This is a short story that I've been writing for my creative writing class. It came from a prompt that my professor gave us in class. Therefore, it's pretty weird and random, but I figured why not? But this isn't the whole story. I thought I'd post a little at a time because 1) it's pretty long and I know for me, if something is really long, I probably won't read it and 2) I haven't finished it yet.... oops, don't tell my professor since it's due tomorrow! :) As of right now, it's "Untitled", but enjoy and stay tuned for the rest to come. Hopefully that will be tomorrow!
I passed by him every morning on my walk to the train station. There wasn’t much need for a car in my two-square-mile town with the train tracks running right through. I knew for sure that this man didn’t have a car either, but that was probably the only trait we had in common. He was a tall beanpole of a man, black like the night when the moon is eclipsed, with white hairs marring his chin and cheeks like bristles on a kitchen scrubber. His straw hat hid his eyes, but his smile was kind, even with the missing and decaying teeth. Aside from the clothes on his back and the hat on his head, his only possessions seemed to be a scratched-up wooden stool that I always saw him sitting on with his back leaned up against the corner store, and a small pocket knife that he used to clean the few teeth he still had.
This man had lived in my town for as long as I could remember, since I was a kid even. I knew his name was Eli, but everything else I knew came from rumors. No one knew where Eli had been before he had wandered into this town many years ago.
He was a famous florist from New York City, until his shop fell on hard times and he walked all the way out here after it closed.
He was an African prince until his reign came to an end at the hand of Russian communists.
His mother used to own the corner store and he was born in the back room and never left.
But my favorite Eli story had always been the one where Eli used to work for the government as a secret agent. In my ten-year-old mind, I imagined him in a black suit with all of his teeth, carrying a gun in a hip holster with a knife concealed in his shoe. Now in my late twenties, my adult imagination struggled to see Eli as anything but homeless, and possibly slightly crazy, though I had never actually talked to him. I had a friend who spoke to Eli once. His name was Dan and he tried to give him a five-dollar bill, assuming that Eli was as destitute as he looked. But Eli cocked his head back, giving Dan a small glimpse of his elusive eyes. One looked like glass, Dan told me later. So Dan stood there, hand outstretched holding five dollars, and Eli just stared at him with a coy smile on his face, not saying anything, but just laughed quietly to himself and went back to cleaning his teeth, leaving Dan to walk away, baffled.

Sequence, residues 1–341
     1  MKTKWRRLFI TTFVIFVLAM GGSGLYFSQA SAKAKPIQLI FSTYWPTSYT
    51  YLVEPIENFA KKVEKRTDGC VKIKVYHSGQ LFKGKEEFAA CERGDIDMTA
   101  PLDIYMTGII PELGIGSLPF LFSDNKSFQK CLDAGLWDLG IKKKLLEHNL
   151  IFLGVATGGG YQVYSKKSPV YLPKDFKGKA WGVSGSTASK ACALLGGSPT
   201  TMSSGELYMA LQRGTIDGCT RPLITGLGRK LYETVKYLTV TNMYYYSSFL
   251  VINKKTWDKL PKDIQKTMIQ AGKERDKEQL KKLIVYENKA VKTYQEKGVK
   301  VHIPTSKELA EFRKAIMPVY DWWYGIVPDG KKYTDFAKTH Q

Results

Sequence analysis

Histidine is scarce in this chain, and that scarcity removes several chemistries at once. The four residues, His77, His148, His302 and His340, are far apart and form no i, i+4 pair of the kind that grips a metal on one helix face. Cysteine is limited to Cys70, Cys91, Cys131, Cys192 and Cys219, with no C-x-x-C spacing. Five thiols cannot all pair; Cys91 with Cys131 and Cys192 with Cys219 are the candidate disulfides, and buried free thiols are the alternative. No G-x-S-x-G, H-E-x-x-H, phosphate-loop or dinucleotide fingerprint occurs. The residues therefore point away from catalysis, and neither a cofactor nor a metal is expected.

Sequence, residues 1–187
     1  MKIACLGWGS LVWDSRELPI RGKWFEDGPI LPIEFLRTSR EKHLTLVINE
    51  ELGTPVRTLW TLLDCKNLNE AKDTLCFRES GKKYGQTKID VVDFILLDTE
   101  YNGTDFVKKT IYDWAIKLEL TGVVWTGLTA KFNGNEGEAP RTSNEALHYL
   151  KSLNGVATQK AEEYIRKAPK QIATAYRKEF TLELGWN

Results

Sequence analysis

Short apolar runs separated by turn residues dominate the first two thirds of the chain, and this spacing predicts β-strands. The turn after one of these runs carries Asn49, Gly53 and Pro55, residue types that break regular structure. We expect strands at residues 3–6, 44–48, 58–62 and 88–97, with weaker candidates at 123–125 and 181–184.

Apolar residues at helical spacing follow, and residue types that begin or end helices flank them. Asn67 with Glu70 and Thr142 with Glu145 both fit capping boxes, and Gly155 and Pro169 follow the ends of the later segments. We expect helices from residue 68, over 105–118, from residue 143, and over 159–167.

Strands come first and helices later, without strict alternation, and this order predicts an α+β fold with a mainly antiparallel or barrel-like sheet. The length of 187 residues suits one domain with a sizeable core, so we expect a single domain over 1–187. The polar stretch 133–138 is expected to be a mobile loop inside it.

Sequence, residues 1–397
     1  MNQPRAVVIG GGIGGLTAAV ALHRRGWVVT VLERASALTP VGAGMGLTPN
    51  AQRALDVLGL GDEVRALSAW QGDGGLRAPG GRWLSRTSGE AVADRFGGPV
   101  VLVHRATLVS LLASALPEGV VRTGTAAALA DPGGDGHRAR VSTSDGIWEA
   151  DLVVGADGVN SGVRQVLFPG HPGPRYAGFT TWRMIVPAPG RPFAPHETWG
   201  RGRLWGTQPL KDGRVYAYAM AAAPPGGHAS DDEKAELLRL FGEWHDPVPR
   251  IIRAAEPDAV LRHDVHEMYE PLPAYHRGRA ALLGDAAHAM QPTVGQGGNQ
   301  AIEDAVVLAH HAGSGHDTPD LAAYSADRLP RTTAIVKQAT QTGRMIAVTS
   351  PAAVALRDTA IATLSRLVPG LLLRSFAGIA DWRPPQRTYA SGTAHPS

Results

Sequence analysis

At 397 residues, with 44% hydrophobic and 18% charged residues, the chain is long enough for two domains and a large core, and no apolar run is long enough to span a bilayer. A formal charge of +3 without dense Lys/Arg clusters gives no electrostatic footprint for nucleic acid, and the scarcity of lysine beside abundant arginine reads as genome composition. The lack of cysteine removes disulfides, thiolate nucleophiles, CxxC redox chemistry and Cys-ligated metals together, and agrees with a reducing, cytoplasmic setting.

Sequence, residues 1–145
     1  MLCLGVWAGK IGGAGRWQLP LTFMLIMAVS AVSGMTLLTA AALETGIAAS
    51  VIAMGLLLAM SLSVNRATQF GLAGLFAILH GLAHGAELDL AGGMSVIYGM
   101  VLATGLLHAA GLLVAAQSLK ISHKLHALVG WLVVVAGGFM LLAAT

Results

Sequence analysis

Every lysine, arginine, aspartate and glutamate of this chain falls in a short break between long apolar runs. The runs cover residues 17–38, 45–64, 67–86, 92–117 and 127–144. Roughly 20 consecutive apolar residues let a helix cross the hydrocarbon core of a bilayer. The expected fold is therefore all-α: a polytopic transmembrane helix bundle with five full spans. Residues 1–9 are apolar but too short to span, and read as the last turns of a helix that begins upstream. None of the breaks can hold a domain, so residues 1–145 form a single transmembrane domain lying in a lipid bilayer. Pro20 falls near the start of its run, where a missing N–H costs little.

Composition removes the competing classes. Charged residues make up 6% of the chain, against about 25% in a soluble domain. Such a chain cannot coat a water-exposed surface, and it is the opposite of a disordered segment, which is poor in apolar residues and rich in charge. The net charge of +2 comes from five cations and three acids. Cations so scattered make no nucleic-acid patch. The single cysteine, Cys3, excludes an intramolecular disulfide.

I had often contemplated making this exact same move, but after Dan’s experience, I kept my cash to myself. But I still couldn’t help wondering what it would be like to approach Eli, to actually have a moment to talk to him. On that day, however, it looked like I might finally get my chance.
I saw Eli’s stool in its usual spot, a monument to the mysterious man, but Eli wasn’t sitting on it. Instead, he was pacing in the dust around it, his nose as low to the ground as his rickety spine would allow. Ignoring the fact that I would probably miss my train and have to catch the next one, making me at least twenty minutes late for work, I allowed my curiosity to triumph against my better judgment and cautiously made my way towards the stooped old man. Eli had moved to peeking between the branches of the dried-up bushes next to the store when I yelled to him.
“Excuse me sir, are you okay?” If he heard me, he pretended not to, and continued digging in the bushes, though his arms were covered in scratches from the dry twigs. “Hey, are you looking for something?” I asked again. This time his head snapped back, and I felt frozen in his line of vision. It was the first time I had ever seen both of his eyes. Dan was right, I thought. The left one does look like glass. This thought only increased my discomfort as I waited for him to speak.